Potential conflict of interest: Nothing to report.
Neuroanatomical correlates of apathy in Parkinson's disease: A magnetic resonance imaging study using voxel-based morphometry†
Version of Record online: 28 JUL 2010
Copyright © 2010 Movement Disorder Society
Volume 25, Issue 14, pages 2318–2325, 30 October 2010
How to Cite
Reijnders, J. S.A.M., Scholtissen, B., Weber, W. E.J., Aalten, P., Verhey, F. R.J. and Leentjens, A. F.G. (2010), Neuroanatomical correlates of apathy in Parkinson's disease: A magnetic resonance imaging study using voxel-based morphometry. Mov. Disord., 25: 2318–2325. doi: 10.1002/mds.23268
- Issue online: 25 OCT 2010
- Version of Record online: 28 JUL 2010
- Manuscript Accepted: 30 APR 2010
- Manuscript Revised: 27 APR 2010
- Manuscript Received: 10 MAR 2010
- Parkinson's disease;
- magnetic resonance imaging;
- voxel-based morphometry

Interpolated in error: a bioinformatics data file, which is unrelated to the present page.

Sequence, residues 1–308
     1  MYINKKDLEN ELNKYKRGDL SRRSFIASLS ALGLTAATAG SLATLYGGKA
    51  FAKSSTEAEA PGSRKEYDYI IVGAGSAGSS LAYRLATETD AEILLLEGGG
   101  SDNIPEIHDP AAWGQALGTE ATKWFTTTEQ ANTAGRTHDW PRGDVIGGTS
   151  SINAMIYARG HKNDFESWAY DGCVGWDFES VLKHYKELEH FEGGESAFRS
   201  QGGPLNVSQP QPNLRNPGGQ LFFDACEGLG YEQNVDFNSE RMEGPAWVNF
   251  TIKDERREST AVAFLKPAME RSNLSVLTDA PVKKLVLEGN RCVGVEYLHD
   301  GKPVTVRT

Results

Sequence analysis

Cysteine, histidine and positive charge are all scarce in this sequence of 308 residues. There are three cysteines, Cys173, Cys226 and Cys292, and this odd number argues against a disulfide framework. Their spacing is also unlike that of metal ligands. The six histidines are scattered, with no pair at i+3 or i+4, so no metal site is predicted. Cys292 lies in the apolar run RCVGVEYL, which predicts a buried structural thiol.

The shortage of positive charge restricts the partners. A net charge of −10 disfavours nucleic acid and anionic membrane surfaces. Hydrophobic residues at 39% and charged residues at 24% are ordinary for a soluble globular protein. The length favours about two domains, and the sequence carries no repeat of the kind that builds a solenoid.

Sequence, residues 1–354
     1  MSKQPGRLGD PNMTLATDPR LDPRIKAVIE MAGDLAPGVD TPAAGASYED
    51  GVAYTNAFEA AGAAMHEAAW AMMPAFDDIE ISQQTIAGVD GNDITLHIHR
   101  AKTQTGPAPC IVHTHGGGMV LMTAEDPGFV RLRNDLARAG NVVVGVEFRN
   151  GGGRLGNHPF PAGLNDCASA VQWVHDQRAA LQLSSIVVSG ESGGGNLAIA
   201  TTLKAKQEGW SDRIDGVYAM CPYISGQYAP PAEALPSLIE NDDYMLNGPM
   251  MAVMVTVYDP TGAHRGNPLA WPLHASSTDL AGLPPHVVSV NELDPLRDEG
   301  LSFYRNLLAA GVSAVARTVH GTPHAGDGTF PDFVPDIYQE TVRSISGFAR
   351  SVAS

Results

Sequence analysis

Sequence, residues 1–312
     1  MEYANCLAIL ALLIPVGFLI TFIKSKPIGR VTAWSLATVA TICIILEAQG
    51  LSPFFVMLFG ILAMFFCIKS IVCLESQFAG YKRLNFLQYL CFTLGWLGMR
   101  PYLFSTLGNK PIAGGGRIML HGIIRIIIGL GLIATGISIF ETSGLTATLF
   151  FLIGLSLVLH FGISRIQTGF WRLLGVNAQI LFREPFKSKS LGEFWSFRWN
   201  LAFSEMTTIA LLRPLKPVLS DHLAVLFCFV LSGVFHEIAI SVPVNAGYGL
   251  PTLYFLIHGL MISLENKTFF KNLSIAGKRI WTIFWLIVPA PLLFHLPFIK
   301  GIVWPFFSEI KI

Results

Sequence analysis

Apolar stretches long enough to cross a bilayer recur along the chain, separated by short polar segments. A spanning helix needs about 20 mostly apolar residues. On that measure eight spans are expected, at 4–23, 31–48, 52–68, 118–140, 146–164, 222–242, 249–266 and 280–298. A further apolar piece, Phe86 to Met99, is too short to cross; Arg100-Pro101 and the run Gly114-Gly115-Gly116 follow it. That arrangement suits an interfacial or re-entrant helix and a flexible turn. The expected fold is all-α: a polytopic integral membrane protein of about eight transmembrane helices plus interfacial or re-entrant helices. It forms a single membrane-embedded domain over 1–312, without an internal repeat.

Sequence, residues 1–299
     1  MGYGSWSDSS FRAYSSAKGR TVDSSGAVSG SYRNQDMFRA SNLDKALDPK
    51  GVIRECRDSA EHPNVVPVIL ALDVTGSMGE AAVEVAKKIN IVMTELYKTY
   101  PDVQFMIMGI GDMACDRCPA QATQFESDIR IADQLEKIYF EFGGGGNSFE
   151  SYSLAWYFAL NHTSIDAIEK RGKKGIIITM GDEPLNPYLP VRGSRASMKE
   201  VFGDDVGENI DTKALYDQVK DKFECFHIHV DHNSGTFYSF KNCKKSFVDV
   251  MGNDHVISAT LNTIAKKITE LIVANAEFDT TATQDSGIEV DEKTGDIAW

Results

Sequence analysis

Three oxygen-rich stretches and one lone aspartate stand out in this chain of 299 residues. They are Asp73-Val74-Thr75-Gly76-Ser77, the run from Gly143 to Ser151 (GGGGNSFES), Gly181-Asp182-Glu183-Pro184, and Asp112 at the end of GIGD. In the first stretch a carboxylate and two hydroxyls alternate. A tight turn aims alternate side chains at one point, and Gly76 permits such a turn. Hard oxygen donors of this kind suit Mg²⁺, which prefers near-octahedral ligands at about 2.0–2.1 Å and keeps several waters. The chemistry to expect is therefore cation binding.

Apathy is generally defined as a disorder of motivation and is considered one of the most common neuropsychiatric disturbances in Parkinson's disease (PD). Only few studies addressed the neuroanatomical correlates of apathy in PD. The aim of this article was to determine the structural correlates of apathy in PD patients. Fifty-five PD patients underwent a neuropsychiatric and neuropsychological examination, and a 3 T magnetic resonance imaging scan was acquired. A voxel-based multiple regression analysis was used to calculate correlation between gray matter density and severity measures of apathy. Apathy correlates with decreased cognitive functioning and more depressive symptoms but not with more severe motor symptoms. High apathy scores were correlated with low gray matter density values in a number of cortical brain areas: the bilateral precentral gyrus (BA 4, 6), the bilateral inferior parietal gyrus (BA 40), the bilateral inferior frontal gyrus (BA 44, 47), the bilateral insula (BA 13), the right (posterior) cingulate gyrus (BA 24, 30, 31), and the right precuneus (BA 31). Apathy in PD correlates with reduced gray matter density in a number of brain regions. The involvement of the cingulate gyrus and inferior frontal gyrus is in line with the results of earlier studies addressing apathy in patients with Alzheimer's disease or depressive disorder. Further studies addressing the pathogenesis of apathy are needed. © 2010 Movement Disorder Society.